3. The next steps go in order of “difficulty or amount of time needed to modify”. Next the idea moves on to Product to be developed into a prototype or proof of concept. This varies depending on the organization but often equates to a high level description of the feature and the user stories it maps too, as well as some basic wireframes and technical descriptions.

  4. Next the Prototype is passed off to design (which is more costly to change than the prototype). Design tools that can be easily be shared and collaborated with product and engineering are helpful tools. For this reason I have recently been using Adobe XD because of its presentation view which product can use to visualize the user experience workflow and assess how well it fits the defined user stories.

  5. Next the design is passed off to engineering to be turned into a spec. This is the deep dive by engineering to think about technical feasibility of the individual components laid out by product and design. If any issues are encountered then the design is passed back to product to be re-evaluated and then to design to be tweaked. This cycle may continue several times before the Spec is finalized.

  6. Depending upon the software product some products may have a heavy or light services component to using the software. For Product oriented SaaS companies this step may be very light or non existent. For more service oriented products this might be crucial, and will give Services a chance to assess how much personnel will be needed to support services engagements laid out in the spec. At this point Services gets a chance to see what services engagements will be needed in the proposed Specification, and while they are assessing also make their internal documentation to perform services tasks.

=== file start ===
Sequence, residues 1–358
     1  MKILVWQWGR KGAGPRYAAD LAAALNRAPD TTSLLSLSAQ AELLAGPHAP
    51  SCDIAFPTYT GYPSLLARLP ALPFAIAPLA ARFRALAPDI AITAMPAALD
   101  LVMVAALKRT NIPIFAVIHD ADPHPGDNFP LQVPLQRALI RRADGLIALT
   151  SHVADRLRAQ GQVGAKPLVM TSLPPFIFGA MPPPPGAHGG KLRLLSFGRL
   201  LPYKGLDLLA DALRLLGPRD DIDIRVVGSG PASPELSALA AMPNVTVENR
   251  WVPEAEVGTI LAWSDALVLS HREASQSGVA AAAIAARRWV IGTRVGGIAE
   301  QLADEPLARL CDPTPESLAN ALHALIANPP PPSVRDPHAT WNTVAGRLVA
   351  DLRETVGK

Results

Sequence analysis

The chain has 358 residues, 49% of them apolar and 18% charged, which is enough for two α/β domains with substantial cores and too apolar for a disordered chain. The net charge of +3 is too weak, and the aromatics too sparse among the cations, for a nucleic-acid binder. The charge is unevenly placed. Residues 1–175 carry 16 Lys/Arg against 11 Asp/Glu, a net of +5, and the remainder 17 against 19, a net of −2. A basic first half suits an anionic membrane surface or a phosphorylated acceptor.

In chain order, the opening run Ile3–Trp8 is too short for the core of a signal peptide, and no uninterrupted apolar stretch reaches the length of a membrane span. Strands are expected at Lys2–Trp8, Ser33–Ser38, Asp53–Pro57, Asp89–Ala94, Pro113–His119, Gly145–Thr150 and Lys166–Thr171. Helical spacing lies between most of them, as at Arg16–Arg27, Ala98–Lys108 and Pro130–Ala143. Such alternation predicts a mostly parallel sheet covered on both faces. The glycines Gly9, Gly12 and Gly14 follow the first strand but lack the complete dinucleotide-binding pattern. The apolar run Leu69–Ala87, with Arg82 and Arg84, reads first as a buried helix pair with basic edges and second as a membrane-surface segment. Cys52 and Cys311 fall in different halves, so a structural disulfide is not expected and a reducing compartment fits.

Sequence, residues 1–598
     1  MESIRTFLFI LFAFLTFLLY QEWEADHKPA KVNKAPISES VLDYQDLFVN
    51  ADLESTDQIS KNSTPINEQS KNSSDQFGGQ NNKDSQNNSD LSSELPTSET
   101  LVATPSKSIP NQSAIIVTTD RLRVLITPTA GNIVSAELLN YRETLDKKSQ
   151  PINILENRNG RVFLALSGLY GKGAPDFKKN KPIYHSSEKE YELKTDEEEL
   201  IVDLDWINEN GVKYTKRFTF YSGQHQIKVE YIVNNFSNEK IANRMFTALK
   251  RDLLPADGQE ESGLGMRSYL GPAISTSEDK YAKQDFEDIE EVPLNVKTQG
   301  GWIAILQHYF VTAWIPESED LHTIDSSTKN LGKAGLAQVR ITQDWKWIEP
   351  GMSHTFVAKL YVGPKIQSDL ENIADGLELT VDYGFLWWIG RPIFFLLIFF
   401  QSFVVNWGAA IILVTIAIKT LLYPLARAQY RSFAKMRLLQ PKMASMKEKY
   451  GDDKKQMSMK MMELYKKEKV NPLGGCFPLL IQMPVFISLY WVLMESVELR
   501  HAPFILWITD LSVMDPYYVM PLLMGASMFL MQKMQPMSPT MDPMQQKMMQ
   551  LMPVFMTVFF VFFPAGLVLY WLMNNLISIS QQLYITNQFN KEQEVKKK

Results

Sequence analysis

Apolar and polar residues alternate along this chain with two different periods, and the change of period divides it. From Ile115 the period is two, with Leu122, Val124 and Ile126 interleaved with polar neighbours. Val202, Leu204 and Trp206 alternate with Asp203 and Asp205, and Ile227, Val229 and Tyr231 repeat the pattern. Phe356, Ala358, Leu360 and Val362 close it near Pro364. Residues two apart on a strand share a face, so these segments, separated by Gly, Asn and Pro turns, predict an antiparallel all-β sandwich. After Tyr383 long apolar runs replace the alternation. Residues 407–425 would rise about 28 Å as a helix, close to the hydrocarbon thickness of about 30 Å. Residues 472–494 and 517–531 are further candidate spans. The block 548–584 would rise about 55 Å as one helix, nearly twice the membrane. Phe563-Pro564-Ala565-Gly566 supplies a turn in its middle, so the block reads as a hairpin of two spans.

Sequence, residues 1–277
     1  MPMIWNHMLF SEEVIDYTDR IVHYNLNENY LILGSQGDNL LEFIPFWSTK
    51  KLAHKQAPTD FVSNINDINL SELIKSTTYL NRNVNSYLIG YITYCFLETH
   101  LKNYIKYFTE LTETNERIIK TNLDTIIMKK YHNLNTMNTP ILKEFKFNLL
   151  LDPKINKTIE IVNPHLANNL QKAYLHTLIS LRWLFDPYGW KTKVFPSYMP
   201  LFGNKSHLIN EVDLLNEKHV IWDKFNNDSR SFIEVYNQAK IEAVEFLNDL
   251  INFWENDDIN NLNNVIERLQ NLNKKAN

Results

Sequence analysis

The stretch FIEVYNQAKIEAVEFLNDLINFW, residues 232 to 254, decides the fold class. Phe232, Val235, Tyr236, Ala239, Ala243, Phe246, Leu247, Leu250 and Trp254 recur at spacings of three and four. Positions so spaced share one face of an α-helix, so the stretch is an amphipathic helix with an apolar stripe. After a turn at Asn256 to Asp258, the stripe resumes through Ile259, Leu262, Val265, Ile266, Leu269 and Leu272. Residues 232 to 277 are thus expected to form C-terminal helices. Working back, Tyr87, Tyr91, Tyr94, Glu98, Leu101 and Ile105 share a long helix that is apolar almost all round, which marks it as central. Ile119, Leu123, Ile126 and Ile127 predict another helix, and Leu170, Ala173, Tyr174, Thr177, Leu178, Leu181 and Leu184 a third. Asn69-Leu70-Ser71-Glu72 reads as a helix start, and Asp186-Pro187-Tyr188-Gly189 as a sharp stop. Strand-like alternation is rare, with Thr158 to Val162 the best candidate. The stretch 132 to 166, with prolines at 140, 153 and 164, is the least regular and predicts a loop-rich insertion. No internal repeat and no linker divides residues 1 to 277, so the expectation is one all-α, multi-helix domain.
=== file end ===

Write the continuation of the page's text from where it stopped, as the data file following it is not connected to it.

7. After this checks out they pass it on to client services who does a sanity check on the match between the user needs being escalated by client success and the scope of the Specification. These may iterate a couple more times.

  8. The reason that Design/Product are seperated from Services/Client Success is because the first group represents a “planning” phase of the product whereas the later represents an “execution” phase. This separation is important because it presents the execution teams with something to respond to and iterate upon.

  9. Once the Spec has been vetted by all the stakeholders in it, the engineering team drives the feature to execution. Separate from automated testing (such as rspec, capybara, selenium), manual Useability and Functional testing are performed by User Experience Design and Client Success, though many organization chose to include functional testing, or at least smoke testing as a responsibility of the engineering team. It often makes more sense for those teams to perform those tests since they will need to be familiar with the issues that may arise, though some organizations think its better for the engineering team to have greater accountability on their work.

  10. After those tests are performed follow ups in the form of hotfixes happen.

  11. The most important part of the process is remembering that a feature is NOT finished once it ships but rather needs to continue to be monitored and assessed in the form of analytics to determine effectiveness of changes, AB testing/multivariate testing, and support both from Client Success and Services.

In a later blog post I will talk about how this process can be executed rapidly by a small project oriented teams, which I call “cells” or “pods” and how this increases collaboration and accountability, as well as camaraderie within your organization.

Kyle Prifogle